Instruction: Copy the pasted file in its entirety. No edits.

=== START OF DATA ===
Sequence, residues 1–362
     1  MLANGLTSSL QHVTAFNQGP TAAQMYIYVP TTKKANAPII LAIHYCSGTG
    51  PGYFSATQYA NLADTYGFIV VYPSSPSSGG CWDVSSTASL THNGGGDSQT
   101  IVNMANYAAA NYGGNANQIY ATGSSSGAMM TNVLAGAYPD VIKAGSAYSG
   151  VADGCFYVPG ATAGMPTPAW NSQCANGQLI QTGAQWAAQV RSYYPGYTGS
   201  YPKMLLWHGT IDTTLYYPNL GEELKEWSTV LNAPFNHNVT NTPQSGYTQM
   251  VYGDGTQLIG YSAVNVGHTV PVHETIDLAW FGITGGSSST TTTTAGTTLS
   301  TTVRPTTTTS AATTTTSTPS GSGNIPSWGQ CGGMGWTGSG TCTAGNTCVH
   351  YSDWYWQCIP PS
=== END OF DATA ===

Sequence, residues 1–362
     1  MLANGLTSSL QHVTAFNQGP TAAQMYIYVP TTKKANAPII LAIHYCSGTG
    51  PGYFSATQYA NLADTYGFIV VYPSSPSSGG CWDVSSTASL THNGGGDSQT
   101  IVNMANYAAA NYGGNANQIY ATGSSSGAMM TNVLAGAYPD VIKAGSAYSG
   151  VADGCFYVPG ATAGMPTPAW NSQCANGQLI QTGAQWAAQV RSYYPGYTGS
   201  YPKMLLWHGT IDTTLYYPNL GEELKEWSTV LNAPFNHNVT NTPQSGYTQM
   251  VYGDGTQLIG YSAVNVGHTV PVHETIDLAW FGITGGSSST TTTTAGTTLS
   301  TTVRPTTTTS AATTTTSTPS GSGNIPSWGQ CGGMGWTGSG TCTAGNTCVH
   351  YSDWYWQCIP PS